31 January 2006

Clemente and Two Robinsons

Hall of Famer Frank Robinson and daughter of Hall of Famer Jackie Robinson, Sharon Robinson, have come out against the movement to retire Roberto Clemente’s 21, as was done by Major League Baseball with Jackie’s 42.

First of all, Frank Robinson is a Grade-A Hall of Famer and despite his amazing statistics, a case could be made that he is still largely under-rated. In addition, he played against Clemente (most notably in the 1971 World Series) and with him on All Star Teams. Frank even played baseball in Puerto Rico. There seemed to be between Frank and Clemente the mutual respect and distant acceptance of competitive athletes who can acknowledge each other’s attributes. So for Frank to come out against this signal honor bears some weight.

The gist of his argument is that by retiring #21, we open the floodgates to retiring other numbers, unleashing a scenario of “where will it end?” Frank is entitled to his opinion (he’s never been shy about sharing it) and though he is often right, in this case he is wrong. That Jackie Robinson was a significant athlete in American history is without question; that he is the only ballplayer to have faced racial and social barriers, and made an impact on his people, is just not true.

Roberto Clemente was black, so he owed a debt to Jackie’s quiet courage. But Clemente was also Puerto Rican, thus making him in the eyes of the average American a “two-striker”. That his command of English was poor and thus the object of open ridicule goes deeply to the heart of Clemente’s aloofness, but he never let it stop him from stating what he felt…much like Frank does.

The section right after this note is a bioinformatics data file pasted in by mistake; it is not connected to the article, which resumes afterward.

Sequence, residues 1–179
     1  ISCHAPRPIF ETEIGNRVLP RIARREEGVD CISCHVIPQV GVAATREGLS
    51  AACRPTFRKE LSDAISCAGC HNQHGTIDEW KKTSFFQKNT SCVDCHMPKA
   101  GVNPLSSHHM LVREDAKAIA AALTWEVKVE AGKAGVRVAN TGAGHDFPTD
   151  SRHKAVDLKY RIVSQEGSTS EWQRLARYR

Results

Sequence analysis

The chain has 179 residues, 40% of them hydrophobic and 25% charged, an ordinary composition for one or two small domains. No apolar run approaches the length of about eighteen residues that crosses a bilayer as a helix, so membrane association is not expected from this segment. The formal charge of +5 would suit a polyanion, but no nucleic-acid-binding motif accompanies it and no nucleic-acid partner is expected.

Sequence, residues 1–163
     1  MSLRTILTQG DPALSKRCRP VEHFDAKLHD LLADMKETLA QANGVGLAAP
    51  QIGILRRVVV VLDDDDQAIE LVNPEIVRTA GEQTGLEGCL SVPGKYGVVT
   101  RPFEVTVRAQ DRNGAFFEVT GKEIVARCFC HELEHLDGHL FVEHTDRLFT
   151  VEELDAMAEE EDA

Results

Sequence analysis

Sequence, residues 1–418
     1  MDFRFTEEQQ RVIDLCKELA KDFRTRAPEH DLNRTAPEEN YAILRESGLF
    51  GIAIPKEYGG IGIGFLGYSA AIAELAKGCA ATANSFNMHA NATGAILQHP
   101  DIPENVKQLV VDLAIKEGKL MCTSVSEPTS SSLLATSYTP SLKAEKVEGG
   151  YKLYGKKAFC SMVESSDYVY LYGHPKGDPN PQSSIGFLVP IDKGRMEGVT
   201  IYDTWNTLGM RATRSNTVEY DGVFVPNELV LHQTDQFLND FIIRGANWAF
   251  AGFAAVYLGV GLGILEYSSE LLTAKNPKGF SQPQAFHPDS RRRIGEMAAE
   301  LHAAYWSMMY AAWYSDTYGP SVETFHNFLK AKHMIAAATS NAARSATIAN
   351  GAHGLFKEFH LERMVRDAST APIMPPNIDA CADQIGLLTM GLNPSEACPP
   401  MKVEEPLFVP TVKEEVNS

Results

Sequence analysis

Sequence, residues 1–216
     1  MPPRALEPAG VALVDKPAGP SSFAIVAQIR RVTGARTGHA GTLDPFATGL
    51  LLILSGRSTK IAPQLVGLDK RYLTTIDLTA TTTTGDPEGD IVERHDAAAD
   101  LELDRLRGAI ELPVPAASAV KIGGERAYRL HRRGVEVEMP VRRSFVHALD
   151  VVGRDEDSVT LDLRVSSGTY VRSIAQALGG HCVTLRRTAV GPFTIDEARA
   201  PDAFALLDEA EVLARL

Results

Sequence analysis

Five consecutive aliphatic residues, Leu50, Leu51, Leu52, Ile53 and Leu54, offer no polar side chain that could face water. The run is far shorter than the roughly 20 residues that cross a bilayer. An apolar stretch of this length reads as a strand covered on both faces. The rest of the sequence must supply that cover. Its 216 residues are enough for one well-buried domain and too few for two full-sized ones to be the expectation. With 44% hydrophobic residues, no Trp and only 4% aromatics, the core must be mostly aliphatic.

Jackie Robinson changed the face of baseball, but Clemente changed the face of the baseball player. There are many heroes on the diamond, from Wagner, Lajoie and Young to the current crop of Jeter, Clemens and Griffey, Jr. But Clemente was a hero to three nations, a man who laid down his life helping others. In that sense, maybe the fighter pilot exploits of Ted Williams or the spying adventures of Moe Berg could match; however, neither man carried the fervent hopes and aspirations of so many people as Clemente did. Maybe only Jackie did.

As for Sharon, she is a daughter defending her father’s memory; nothing wrong with that. But note this: Clemente left on his final act of humanity despite having three little boys. He weighed the needs of earthquake-ravaged people versus his own safety and chose to take the risk. His three sons lost a father in service to others. Shouldn’t their views as children of a worthy-to-be-honored player also be taken into account?

As for the argument that by honoring Clemente the honor done to Jackie is somehow diminished, that argument is simply empty. Jackie was first, deserved to be first and nobody can ever take that from him. Nobody should. But to think that by honoring someone who was also a first, an exemplary athlete, model citizen and hero will detract from another honoree is fatuous. The only strong cases in baseball for such an honor are Jackie Robinson and Roberto Clemente. Nobody else in baseball comes close to these two men in terms of athletic excellence and social importance. “Denying” the honor to others is thus not possible. Those who believe so are ignoring the facts and undermining the best tribute Major League Baseball or any sports organization has to offer.

Let’s retire Roberto Clemente’s number 21, at the 2006 All Star Game, in Pittsburgh. It is the right thing to do.

The Jenius Has Spoken.

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